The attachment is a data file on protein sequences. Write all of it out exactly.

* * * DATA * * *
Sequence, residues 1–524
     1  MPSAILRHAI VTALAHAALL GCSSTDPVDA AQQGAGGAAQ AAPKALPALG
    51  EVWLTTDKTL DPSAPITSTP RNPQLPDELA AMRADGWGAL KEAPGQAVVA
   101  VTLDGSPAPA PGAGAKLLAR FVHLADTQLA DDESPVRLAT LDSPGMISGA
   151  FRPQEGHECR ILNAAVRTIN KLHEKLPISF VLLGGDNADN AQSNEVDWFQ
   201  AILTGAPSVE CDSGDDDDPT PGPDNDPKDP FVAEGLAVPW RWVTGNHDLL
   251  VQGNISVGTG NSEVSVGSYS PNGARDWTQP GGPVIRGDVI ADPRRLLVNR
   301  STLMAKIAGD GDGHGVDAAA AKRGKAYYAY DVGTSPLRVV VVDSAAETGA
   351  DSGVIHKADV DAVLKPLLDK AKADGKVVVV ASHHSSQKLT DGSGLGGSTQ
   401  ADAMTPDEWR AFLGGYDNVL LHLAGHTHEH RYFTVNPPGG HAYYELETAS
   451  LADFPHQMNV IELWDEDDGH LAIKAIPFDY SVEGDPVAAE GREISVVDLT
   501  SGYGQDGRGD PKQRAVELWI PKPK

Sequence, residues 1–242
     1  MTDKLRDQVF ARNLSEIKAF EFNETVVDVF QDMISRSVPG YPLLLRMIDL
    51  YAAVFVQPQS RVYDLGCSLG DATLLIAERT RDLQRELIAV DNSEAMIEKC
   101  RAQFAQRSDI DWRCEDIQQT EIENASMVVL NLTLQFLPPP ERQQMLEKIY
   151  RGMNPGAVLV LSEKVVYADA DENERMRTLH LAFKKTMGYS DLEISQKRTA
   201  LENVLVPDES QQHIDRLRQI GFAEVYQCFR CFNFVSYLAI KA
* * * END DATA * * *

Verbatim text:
Sequence, residues 1–524
     1  MPSAILRHAI VTALAHAALL GCSSTDPVDA AQQGAGGAAQ AAPKALPALG
    51  EVWLTTDKTL DPSAPITSTP RNPQLPDELA AMRADGWGAL KEAPGQAVVA
   101  VTLDGSPAPA PGAGAKLLAR FVHLADTQLA DDESPVRLAT LDSPGMISGA
   151  FRPQEGHECR ILNAAVRTIN KLHEKLPISF VLLGGDNADN AQSNEVDWFQ
   201  AILTGAPSVE CDSGDDDDPT PGPDNDPKDP FVAEGLAVPW RWVTGNHDLL
   251  VQGNISVGTG NSEVSVGSYS PNGARDWTQP GGPVIRGDVI ADPRRLLVNR
   301  STLMAKIAGD GDGHGVDAAA AKRGKAYYAY DVGTSPLRVV VVDSAAETGA
   351  DSGVIHKADV DAVLKPLLDK AKADGKVVVV ASHHSSQKLT DGSGLGGSTQ
   401  ADAMTPDEWR AFLGGYDNVL LHLAGHTHEH RYFTVNPPGG HAYYELETAS
   451  LADFPHQMNV IELWDEDDGH LAIKAIPFDY SVEGDPVAAE GREISVVDLT
   501  SGYGQDGRGD PKQRAVELWI PKPK

Sequence, residues 1–242
     1  MTDKLRDQVF ARNLSEIKAF EFNETVVDVF QDMISRSVPG YPLLLRMIDL
    51  YAAVFVQPQS RVYDLGCSLG DATLLIAERT RDLQRELIAV DNSEAMIEKC
   101  RAQFAQRSDI DWRCEDIQQT EIENASMVVL NLTLQFLPPP ERQQMLEKIY
   151  RGMNPGAVLV LSEKVVYADA DENERMRTLH LAFKKTMGYS DLEISQKRTA
   201  LENVLVPDES QQHIDRLRQI GFAEVYQCFR CFNFVSYLAI KA